A useful manner of preparing such spot bonded continuous filament webs is disclosed in copending Hansen and Pennings application, entitled Pattern Bonded Continuous Filament Web, Ser. No. 177,077, filed Sept. 1, 1971. The method therein disclosed involves passing the web between a nip formed by two heated, hard surfaced rolls, one of which contains the plurality of raised points on its surface corresponding to the desired spot bond pattern. In addition to yielding a stable, autogenously bonded web, the disclosed method can be used to prepare webs wherein the filaments which are autogenously bonded in the spot bond areas have the capacity of pulling free from their bond areas rather than fracturing when placed under strain. As will be hereinafter discussed, the presence of such "releasable" bonds is useful in connection with the present invention.

Referring again to FIGS. 1 and 2, the driven (drive means not shown) smooth surface rolls 16, 18 unwind the web 10 from the illustrated roll and the unwound web 10 is then heated by the radiant heater 20. Such heating, which can also be present as the web is drawn as hereinafter described, aids in processing the web by diminishing the possibility of edge tearing.

In keeping with the present invention, after passage through the rolls 16, 18 nip, the web 10 is drawn twice in the machine direction, i.e., the direction of web travels, by means of the pairs of rolls 22, 24, and 26, 28 by driving the rolls 22, 24 at a higher speed than the rolls 16, 18 and similarly driving the rolls 26, 28 at a higher speed than the rolls 22, 24. Roll speeds are appropriately controlled such that the reduction in web width on entering the roll 22, 24 is about 15% and about 30% on entering the rolls 26, 28. While only a single set of draw rolls can be used, it is desirable to use the illustrated two sets since web tearing at the edges thereof can be minimized.

As illustrated by FIG. 4, drawing the web 10 in the manner depicted in FIG. 1 causes filaments in the web 10, such as 30 and 32, which lie at an angle to the machine direction to assume a non-linear configuration with respect to the web's cross direction, i.e., the direction normal to the machine direction. In other words, after the web is drawn, substantially no straight line filament segments exist between spot bonds in the direction substantially perpendicular to that of drawing. In realizing the advantages associated with the present invention, this feature is important since the non-linearity of the filaments in the cross direction permits the web to be stretched in that direction without an accompanying filament rupture. While it is not apparent from FIG. 4 which is only a two dimensional representation of the basic plane of the web 10 (i.e., the plane orthogonal to the direction of web thickness when the web is lying on a substantially flat surface), it should be understood that web drawing not only serves to cause filaments lying in the basic plane to assume a non-linear configuration with respect to the cross direction, but additionally can cause filaments to assume a non-linear configuration by buckling out of the plane of the material. Buckling of this type gives the resultant material a desirable lofty surface feel.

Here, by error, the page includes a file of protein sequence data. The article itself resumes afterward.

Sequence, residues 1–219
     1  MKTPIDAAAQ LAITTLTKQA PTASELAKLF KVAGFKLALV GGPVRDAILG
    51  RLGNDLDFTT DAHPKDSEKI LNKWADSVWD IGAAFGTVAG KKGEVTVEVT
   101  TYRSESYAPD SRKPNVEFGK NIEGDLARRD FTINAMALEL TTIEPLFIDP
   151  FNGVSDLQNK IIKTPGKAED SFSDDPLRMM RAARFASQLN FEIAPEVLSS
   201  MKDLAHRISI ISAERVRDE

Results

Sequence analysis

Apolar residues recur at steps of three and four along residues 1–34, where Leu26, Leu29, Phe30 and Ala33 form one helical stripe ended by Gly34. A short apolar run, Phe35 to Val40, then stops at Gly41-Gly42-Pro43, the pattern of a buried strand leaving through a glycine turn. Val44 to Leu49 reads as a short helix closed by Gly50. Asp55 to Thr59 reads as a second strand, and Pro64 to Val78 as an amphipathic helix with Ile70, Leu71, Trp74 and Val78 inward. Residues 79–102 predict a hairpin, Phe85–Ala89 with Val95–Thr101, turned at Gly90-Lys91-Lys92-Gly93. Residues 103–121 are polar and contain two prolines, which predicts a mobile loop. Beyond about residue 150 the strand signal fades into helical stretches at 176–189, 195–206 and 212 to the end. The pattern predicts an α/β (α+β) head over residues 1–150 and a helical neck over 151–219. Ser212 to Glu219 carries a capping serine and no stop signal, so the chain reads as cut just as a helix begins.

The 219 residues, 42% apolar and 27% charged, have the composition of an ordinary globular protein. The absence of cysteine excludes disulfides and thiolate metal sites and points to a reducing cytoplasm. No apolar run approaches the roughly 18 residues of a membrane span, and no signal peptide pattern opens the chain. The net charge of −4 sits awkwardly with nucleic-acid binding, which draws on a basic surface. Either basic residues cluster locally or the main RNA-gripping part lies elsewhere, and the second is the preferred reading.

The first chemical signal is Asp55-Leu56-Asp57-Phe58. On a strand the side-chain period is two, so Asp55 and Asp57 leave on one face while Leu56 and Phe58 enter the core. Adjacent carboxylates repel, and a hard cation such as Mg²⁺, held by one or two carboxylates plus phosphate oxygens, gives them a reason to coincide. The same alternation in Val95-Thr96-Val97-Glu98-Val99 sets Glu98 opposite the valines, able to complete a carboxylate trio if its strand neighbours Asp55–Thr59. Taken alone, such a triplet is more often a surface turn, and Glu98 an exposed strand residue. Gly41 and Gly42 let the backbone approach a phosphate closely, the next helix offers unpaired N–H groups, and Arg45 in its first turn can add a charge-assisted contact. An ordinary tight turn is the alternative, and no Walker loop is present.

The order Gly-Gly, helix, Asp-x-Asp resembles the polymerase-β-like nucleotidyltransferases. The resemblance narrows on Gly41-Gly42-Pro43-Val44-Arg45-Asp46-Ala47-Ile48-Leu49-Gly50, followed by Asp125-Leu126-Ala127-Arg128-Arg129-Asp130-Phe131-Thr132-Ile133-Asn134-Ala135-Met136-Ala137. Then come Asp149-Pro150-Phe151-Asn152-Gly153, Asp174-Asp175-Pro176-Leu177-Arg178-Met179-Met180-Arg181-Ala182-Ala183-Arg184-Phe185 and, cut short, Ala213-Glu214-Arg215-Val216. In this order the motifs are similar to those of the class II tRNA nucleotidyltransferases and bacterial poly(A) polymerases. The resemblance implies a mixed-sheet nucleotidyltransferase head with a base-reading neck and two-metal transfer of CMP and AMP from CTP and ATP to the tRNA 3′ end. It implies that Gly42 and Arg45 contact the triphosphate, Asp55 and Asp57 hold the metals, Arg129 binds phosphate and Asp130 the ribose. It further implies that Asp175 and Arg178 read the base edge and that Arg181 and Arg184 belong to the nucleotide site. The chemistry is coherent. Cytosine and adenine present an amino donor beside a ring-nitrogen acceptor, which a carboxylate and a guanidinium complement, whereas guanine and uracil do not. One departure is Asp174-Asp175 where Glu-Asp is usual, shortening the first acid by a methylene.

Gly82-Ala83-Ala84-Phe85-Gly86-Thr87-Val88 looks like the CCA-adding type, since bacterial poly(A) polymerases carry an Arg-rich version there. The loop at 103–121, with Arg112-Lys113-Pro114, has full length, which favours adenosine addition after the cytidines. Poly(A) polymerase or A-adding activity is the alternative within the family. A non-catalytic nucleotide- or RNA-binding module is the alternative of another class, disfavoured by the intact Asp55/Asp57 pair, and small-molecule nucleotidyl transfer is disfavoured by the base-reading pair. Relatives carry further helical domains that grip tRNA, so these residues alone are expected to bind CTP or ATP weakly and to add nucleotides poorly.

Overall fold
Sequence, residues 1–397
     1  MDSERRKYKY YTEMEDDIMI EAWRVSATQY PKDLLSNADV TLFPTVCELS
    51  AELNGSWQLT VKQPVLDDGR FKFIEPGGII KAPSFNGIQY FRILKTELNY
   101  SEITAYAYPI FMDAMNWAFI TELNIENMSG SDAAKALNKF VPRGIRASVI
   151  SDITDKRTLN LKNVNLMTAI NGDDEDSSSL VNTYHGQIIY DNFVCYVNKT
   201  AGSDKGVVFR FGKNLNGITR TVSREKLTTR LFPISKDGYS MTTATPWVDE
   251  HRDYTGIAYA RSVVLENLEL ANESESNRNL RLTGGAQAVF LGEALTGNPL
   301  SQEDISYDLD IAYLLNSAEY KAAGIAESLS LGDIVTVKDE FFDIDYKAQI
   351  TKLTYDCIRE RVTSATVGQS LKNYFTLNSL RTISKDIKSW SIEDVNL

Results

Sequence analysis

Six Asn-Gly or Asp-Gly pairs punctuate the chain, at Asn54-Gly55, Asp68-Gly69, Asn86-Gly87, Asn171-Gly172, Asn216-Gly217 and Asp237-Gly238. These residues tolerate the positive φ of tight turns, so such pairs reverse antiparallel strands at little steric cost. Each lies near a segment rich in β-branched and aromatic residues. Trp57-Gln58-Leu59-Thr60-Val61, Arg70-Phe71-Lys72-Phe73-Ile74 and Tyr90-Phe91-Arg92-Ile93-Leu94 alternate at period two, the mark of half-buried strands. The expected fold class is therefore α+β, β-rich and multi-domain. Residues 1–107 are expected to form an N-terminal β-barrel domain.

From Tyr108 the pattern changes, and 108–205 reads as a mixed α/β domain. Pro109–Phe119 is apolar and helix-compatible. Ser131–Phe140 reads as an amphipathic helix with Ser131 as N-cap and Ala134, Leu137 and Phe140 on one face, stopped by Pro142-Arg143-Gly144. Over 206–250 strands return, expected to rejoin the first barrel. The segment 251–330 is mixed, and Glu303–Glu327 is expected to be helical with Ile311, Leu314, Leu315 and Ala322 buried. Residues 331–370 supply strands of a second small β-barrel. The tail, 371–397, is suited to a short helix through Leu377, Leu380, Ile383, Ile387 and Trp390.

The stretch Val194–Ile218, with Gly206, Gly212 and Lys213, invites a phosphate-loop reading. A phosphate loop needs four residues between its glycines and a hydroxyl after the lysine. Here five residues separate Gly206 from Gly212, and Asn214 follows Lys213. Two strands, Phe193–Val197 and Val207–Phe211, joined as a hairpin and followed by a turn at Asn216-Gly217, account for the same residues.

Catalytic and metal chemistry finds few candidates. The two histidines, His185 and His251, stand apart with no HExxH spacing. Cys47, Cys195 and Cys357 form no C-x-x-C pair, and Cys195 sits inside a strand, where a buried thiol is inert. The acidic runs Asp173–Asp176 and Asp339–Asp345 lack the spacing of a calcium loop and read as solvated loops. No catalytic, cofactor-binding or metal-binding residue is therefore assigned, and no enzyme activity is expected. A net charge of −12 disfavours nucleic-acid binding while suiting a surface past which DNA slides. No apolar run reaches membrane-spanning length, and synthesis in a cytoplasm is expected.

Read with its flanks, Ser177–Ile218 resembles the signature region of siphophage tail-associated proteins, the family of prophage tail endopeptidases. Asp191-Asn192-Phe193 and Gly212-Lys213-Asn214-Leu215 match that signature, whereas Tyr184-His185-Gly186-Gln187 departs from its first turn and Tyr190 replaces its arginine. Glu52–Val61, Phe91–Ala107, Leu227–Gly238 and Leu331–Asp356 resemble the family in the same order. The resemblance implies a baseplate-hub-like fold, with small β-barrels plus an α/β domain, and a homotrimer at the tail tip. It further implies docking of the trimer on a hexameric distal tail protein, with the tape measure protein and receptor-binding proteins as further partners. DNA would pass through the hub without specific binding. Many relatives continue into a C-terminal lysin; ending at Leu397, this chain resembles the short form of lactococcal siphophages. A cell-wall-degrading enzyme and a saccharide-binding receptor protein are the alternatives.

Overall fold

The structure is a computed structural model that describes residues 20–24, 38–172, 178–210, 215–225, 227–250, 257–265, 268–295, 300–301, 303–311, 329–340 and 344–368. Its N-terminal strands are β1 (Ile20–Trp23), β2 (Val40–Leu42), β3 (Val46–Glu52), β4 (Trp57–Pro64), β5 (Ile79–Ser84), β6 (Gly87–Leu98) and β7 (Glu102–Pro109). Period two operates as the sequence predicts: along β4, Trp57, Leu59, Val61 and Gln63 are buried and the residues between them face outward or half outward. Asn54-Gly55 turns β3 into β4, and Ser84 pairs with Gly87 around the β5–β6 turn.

Turning again to FIG. 4 and considering it in combination with FIG. 3, it will be noted that the illustrated buckling of the filaments between spot bond areas is accompanied by movement of the spot bond areas 14 into closer relationship in the cross direction. The capacity for the bond areas to so move on drawing in the machine direction is important in order to achieve maximum non-linearity of filaments in the cross direction. In turn, the configuration of the bonds, with respect to pattern, size and density, is important. A bond pattern should be selected so that the Poisson ratio of the web exhibits a maximum as measured in the cross direction. The Poisson ratio is a well known parameter and is obtained by applying a tensile strain in a specific direction and measuring the strain in that direction and the strain which is induced in the direction orthogonal to the direction of applied strain. The Poisson ratio is the ratio of induced to applied strain.

With respect to continuous filament webs as illustrated herein, a maximum Poisson ratio as measured in the cross direction can be obtained when the bonds are arranged in a basic diamond pattern as illustrated in FIG. 3. The diamond is shown to comprise four bonds with the sides of the bonds lying at 45 to the machine direction with one of the diagonals of each bond being parallel to the machine direction and the other diagonal being perpendicular thereto.

Regarding the selection of appropriate bond densities and area coverage, several factors are important. Since it is an object of the present invention to provide a soft, drapable elastic material, the area of the web occupied by spot bonds desirably does not exceed about 50% and, preferably, does not exceed about 25%, e.g., 7-25%. The presence of excessive bonded area not only results in the preparation of stiff materials, but, additionally, restricts the illustrated filament buckling in the cross direction with the result that cross direction elasticity is limited. Bond densitites on the order of about 50-3200/in.2 can be used though, preferably, the bond density is about 100-500/in.2.